Navigation pattern icons may be added to the topic objects to show the manner in which a user may move
between the different dialogue acts within a topic. These navigation patterns include “All
All,” in which
each dialogue act is accessible from any single dialogue act, “Index,” in which all dialogue acts are accessible
from only one index dialogue act, “Guided Tour,” in which the user must navigate through the dialogue acts
in order, and “Guided Tour with Index,” in which the user may navigate the dialogue acts in order or jump to
a specific dialogue act using an index listing.
SINGLE TOPIC WITH DIALOGUE ACTS
A single topic is something that can be the subject of conversation between the user and the interactive
application. “Mission: Impossible III,” “Tom Cruise,” and “Paramount Pictures” are examples of single topics,
i.e., possible subjects of a dialogue between the user and the application. Dialogue acts are the informational
units that describe the topic. For instance, “Birthday,” “Filmography,” and “Biography” may be dialogue acts
within the topic “Tom Cruise.”
MULTIPLE TOPIC WITH DIALOGUE ACTS
Multiple topics represent an entire category of possible subjects of conversation. “Movie,” “Actor,” and
“Company” are kinds of topics. “Tom Cruise” is an example of “Actor.” Dialogue acts within multiple topics
describe the content of each instance of the multiple topic. “Release Date,” “Box Office Sales,” and
“Synopsis” are dialogue acts that might describe the multiple topic “Movie.”
SINGLE GROUP OF TOPICS
A group of topics is a subset of instances of a multiple topic and serves as a means of accessing those
instances “from scratch.” For example, a group of topics for the multiple topic “Movie” could be “Top
Grossing Movies of All Time.” From this list, users could access “Avatar” or “Titanic,” instances of the multiple
MULTIPLE GROUP OF TOPICS
A multiple group of topics represents a type of subset of instances of a multiple topic for which there is more
than one instance. Multiple groups of topics are typically preceded by a single group of topics that provides
access to the multiple groups of topics. For the multiple topic “Movie,” “Genre” is a multiple group of topics.
A group of topics exists for the genres “Drama,” “Comedy,” “Action,” and so on, and together, those groups of
topics may be thought of as the multiple group of topics “Genre” preceded by the single group of topics
“Genres,” that is the list of all movie genres.
SEMANTIC RELATIONSHIP WITH TRANSITION
The ability to transition between an instance of one topic and an instance of another is shown with the
semantic relationship with transition. From “Mission: Impossible III,” an instance of the topic “Movie,” one
may transition to “Tom Cruise,” an instance of the topic “Actor.” The transition act should also describe the
transition and indicate the cardinality of the relevant topics. For instance, when moving from an instance of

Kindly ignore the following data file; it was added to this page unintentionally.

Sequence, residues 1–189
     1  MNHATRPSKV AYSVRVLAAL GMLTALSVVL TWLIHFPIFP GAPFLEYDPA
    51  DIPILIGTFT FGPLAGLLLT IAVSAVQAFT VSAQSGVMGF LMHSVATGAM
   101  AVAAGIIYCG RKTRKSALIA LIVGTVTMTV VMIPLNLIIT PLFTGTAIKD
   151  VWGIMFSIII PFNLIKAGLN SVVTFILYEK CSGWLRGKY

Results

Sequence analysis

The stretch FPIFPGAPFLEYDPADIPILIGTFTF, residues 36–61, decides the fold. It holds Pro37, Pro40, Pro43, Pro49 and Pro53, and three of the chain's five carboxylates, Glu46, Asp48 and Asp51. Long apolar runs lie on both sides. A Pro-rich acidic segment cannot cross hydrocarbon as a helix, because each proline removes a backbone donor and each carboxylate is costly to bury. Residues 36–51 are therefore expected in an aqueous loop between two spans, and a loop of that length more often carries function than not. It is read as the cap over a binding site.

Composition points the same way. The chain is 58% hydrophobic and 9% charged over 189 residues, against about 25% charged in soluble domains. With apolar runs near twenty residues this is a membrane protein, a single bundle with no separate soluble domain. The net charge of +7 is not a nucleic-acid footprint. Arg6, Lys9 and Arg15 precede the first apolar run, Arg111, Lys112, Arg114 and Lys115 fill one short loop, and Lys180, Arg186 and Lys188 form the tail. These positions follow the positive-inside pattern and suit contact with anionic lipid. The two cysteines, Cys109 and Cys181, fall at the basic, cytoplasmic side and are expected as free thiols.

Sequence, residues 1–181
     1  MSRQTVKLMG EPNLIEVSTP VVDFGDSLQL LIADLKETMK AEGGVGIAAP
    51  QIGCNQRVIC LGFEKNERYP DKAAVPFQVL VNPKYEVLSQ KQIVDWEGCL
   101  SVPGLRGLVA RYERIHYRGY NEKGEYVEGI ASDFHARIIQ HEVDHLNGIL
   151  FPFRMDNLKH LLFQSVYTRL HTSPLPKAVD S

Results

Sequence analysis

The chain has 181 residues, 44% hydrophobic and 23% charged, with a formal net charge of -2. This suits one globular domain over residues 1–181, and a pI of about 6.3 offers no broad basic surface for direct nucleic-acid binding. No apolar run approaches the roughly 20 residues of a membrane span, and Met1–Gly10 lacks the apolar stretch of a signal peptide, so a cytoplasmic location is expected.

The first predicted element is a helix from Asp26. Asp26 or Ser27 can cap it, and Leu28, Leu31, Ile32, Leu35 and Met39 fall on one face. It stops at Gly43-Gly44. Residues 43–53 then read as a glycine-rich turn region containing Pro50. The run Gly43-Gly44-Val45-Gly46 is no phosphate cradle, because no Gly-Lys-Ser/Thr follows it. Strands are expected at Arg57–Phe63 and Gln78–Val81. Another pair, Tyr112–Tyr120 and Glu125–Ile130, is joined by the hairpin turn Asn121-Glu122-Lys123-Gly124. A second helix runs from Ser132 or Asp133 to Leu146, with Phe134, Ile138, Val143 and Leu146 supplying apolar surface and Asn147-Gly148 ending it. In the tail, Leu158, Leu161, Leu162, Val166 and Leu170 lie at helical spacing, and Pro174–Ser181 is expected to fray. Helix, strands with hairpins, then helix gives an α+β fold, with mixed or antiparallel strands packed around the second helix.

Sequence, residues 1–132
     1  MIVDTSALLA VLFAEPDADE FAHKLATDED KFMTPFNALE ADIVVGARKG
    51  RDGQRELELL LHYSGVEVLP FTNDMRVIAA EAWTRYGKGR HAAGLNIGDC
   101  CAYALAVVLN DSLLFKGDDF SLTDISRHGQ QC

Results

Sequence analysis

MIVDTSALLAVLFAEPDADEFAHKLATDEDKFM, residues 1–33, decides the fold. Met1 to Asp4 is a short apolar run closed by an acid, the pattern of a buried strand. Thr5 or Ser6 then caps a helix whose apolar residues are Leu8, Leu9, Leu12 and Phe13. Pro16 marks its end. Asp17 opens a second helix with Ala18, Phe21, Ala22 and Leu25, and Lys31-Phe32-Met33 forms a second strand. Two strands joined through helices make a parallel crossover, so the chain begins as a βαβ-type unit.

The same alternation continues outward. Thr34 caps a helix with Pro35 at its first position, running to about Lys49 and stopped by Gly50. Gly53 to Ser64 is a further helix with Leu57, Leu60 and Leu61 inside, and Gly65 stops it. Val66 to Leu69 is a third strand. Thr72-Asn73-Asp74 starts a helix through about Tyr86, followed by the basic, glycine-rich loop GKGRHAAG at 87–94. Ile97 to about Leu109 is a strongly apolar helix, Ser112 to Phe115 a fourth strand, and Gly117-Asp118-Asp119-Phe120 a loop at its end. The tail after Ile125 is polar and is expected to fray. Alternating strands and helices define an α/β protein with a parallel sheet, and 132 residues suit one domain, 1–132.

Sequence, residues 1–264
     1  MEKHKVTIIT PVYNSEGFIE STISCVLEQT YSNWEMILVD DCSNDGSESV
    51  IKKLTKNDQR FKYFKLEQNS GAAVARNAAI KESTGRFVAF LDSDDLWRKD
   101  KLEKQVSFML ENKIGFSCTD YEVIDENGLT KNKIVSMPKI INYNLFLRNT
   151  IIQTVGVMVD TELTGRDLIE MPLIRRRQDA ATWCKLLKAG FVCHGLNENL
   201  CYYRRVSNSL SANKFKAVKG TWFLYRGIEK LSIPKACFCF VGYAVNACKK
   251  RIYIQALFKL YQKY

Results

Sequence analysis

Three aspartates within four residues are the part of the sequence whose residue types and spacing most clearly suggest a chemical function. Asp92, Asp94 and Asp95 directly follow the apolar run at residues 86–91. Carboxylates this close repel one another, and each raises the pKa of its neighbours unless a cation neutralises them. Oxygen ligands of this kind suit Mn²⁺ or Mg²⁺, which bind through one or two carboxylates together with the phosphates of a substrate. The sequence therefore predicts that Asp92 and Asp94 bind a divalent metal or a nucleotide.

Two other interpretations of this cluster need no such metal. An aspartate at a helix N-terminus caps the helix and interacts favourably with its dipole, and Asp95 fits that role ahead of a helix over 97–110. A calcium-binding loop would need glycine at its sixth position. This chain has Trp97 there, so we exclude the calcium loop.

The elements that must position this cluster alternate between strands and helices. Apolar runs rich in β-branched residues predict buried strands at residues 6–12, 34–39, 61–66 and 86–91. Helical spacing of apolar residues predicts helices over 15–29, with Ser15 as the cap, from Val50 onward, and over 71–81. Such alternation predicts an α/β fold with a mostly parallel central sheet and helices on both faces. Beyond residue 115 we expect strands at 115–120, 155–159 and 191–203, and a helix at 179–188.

the topic “Movie” to an instance of the topic “Actor,” the transition might be “Has Cast” and the cardinality
might be 1:N because a single movie may have multiple cast members.
HETEROGENEOUS GROUP OF TOPICS
The heterogeneous group of topics is not unlike the traditional group of topics in that it gives users “from
scratch” access to topics. What makes the heterogeneous group of topics unique is that a single list may
provide access to instances of several different topics. The heterogeneous group of topics is often used to
strategically highlight certain areas of a website. A heterogeneous group of topics for a movie website might
be called “New Content” and include access to instances of the topics “Movie” and “Actor.”
that are accessible from every topic. These single topics are known as Landmark Content.
Sometimes, several multiple groups of topics may be listed in just one single group of topics. The single group
of topics “Now Playing” may give way to several more single or multiple groups of topics including “By
Theatre” or “By Genre.”
GUIDED TOUR WITH INDEX
ISOMETRIC INTERACTIVE DIALOGUE MODEL
The Isometric Interactive Dialogue Model (IIDM) is a robust conceptual modeling framework for information
rich interactive appli
cations. Based on the Interactive
Dialogue Model developed by Davide Bolchini and Paolo Paolini and the isometric visualizations of web architecture pioneered
Paul Kahn, IIDM was designed to
provide designers and stakeholders with an engaging, flexible representation of the user experience using the objects below.
WAY SEMANTIC RELATIONSHIP WITH TRANSITION FOR COMPLICATED DE
The application or site root is represented by the “Home” card. This card represents the starting point of the
system dialogue and should provide access (this access represented by the dotted lines and arrows) to
each single topic and all single and multiple groups of topics.
After arranging the necessary elements on the isometric grid, resize the application carpet and place it
beneath the other isometric objects to visually group and unify your application or website.
User Simulation and Experience Research Lab
Contributors: Adam Neddo, Dr. Davide Bolchini
Dr. Davide Bolchini